Sovereignty over the Spratly Islands
By Joe Hung, Special to The China PostFrench marines occupied the largest of the Spratlys, Itu Aba now named Taiping, and eight other islets in 1933. The government of the Republic of China in Nanjing lodged protests with the French government. The island group was also occupied by the Japanese in 1939 and placed under the jurisdiction of Takao-shu as part of the Shinnan-gunto. Along with Hsisha (Paracel Islands), it was reoccupied by the navy of the Republic of China in 1946. National monuments were set up to reassert sovereignty. Both archipelagoes were placed under the jurisdiction of the province of Guangdong. Itu Aba was renamed Taiping, after the christened name of the destroyer, the flagship of a flotilla sent to reoccupy the Spratlys. Woody Island, the largest of the Paracels, was renamed Yunghsing (Eternal Prosperity) after the LST (landing ship tank) that landed the marines for reoccupation.
June 22, 2009, 11:11 am TWN
In August 1955 a French warship landed officers and men on Woody Island to claim sovereignty for France and expelled Chinese fishermen back to Hainan Island. The Chinese national monument was destroyed. South Vietnam, which declared independence and claimed sovereignty transferred from France, invaded and occupied two other islands of the Paracels in March and August 1956.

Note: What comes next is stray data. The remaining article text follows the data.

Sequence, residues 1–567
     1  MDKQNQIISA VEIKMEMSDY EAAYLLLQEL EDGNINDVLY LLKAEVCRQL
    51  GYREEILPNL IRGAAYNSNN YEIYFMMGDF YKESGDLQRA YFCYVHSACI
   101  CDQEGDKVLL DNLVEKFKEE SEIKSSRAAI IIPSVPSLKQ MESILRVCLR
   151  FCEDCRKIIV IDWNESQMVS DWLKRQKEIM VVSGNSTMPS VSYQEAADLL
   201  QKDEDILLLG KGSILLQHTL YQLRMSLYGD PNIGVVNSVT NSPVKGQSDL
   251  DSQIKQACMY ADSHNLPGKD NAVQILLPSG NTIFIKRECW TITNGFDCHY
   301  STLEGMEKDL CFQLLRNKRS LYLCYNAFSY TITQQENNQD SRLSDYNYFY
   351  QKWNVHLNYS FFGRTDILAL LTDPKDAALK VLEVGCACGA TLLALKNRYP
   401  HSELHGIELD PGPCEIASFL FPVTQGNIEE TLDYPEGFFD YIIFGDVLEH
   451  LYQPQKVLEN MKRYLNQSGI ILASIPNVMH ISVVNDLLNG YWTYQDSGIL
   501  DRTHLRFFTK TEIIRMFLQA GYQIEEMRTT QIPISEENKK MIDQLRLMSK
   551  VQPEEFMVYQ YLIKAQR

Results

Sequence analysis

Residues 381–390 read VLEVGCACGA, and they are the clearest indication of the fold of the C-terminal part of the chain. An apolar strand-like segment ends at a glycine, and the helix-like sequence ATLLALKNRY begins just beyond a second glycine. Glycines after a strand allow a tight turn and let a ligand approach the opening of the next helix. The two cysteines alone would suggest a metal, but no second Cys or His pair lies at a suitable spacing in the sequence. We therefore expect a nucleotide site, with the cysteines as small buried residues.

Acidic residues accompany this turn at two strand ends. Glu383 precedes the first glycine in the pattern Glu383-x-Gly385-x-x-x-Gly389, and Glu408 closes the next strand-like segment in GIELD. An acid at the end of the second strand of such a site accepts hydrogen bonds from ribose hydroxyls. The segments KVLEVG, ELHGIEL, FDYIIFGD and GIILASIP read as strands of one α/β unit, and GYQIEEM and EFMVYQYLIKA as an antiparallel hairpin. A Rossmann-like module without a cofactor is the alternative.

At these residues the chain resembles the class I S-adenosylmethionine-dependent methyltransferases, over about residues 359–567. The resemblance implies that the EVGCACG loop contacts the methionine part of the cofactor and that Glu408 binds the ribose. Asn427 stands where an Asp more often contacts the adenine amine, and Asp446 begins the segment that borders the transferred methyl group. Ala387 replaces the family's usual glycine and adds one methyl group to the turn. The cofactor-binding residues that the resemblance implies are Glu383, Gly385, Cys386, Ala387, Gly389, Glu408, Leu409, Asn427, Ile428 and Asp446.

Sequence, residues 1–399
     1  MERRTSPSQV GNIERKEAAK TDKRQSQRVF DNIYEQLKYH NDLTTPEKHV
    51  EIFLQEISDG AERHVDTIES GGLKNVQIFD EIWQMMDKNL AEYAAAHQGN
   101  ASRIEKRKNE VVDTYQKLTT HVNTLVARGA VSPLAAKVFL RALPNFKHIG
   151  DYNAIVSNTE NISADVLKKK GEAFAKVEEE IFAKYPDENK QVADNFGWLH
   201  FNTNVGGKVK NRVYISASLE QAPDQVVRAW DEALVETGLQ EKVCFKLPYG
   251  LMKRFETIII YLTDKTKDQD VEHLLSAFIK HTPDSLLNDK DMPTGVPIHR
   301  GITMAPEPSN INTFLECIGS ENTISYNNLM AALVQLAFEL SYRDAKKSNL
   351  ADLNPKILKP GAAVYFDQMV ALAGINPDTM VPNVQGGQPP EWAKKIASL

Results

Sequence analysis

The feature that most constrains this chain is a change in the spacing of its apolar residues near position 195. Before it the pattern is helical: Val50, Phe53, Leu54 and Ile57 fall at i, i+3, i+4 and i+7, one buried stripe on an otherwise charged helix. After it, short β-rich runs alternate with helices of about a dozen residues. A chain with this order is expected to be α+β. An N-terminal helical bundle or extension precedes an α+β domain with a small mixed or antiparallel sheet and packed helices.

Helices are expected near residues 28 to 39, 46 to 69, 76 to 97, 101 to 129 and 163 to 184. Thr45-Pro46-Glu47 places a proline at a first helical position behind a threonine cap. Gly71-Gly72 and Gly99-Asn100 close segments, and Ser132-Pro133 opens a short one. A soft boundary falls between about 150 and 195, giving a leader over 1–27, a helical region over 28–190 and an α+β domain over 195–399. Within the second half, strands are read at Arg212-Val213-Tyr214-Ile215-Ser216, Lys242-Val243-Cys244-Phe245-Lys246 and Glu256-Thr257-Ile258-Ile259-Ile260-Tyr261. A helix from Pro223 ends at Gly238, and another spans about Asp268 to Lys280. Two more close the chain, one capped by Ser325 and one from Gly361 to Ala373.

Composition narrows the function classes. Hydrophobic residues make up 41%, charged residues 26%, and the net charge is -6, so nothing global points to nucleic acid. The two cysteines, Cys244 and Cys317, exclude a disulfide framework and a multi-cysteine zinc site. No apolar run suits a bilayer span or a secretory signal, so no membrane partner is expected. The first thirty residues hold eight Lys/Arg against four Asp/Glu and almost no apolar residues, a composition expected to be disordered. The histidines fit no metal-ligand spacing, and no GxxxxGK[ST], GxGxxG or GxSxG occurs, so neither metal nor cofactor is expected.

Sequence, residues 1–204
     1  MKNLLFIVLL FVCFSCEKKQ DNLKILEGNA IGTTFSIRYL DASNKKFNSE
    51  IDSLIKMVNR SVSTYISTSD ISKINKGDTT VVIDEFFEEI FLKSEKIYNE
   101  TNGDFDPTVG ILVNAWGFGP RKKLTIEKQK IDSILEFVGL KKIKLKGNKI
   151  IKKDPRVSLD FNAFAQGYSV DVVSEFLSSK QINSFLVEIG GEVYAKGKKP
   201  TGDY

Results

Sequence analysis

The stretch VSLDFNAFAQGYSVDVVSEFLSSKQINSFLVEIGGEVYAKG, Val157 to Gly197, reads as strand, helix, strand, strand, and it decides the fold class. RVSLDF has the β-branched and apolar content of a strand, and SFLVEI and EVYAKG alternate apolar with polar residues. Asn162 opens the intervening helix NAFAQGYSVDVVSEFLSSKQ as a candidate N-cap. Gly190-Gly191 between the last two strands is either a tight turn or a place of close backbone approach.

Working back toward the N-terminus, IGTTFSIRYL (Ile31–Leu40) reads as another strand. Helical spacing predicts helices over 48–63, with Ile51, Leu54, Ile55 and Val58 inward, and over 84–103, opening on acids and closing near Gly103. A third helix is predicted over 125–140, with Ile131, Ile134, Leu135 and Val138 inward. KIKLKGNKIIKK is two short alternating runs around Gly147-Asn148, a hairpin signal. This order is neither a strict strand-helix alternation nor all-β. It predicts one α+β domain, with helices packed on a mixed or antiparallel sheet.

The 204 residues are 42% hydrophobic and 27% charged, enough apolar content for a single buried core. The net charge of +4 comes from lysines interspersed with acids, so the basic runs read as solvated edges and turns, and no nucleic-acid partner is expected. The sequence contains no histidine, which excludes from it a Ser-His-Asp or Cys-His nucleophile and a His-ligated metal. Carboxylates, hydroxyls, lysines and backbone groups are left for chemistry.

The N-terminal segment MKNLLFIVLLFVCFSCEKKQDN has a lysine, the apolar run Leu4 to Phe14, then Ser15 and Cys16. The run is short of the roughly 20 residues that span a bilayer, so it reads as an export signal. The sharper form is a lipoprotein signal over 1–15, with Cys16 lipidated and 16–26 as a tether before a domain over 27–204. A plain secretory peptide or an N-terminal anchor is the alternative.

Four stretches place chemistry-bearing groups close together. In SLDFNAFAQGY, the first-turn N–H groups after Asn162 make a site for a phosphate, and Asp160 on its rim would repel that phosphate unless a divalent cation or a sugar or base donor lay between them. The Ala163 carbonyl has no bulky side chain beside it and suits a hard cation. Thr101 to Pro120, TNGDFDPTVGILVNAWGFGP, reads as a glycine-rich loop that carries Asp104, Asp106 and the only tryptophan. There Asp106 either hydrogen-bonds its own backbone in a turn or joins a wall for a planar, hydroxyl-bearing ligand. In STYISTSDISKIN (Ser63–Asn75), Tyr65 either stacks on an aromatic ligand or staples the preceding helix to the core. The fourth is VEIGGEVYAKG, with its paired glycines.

On March 1, 1956, Thomas Cloma, a Filipino mercantile marine school superintendent, landed with his cadets on Taiping and claimed they discovered altogether nine islands for the Philippines. He proclaimed the occupation of his newly found islets on May 15. Two weeks later, on May 29, the People's Republic reiterated its sovereignty over all four island groups in the South China Sea. As a countermeasure, Taiwan sent three flotillas to the Spratlys.
The first flotilla patrolled between June 2 and 14, 1956. Marines were landed on Taiping and two other islets. The second flotilla completed the cruise from June 29 to July 22. The last flotilla, which made the patrol between September 24 and October 5, stopped a Filipino ship commanded by Filemon Cloma, aboard which were found weapons. The Filipino skipper, a younger brother of Thomas Cloma, was brought to the flagship of the flotilla for questioning. He said he was on a “private visit” to Taiping his brother claimed for the Philippines. Subsequently, in December, Manila announced Cloma's voyage had nothing to do with the government of the Philippines. In view of the possibilities that the Filipinos might return after Taiwan's naval force left, Taipei decided to station a marine platoon on Taiping at the end of 1956. The stationing of a defense force has since continued. (To be continued.)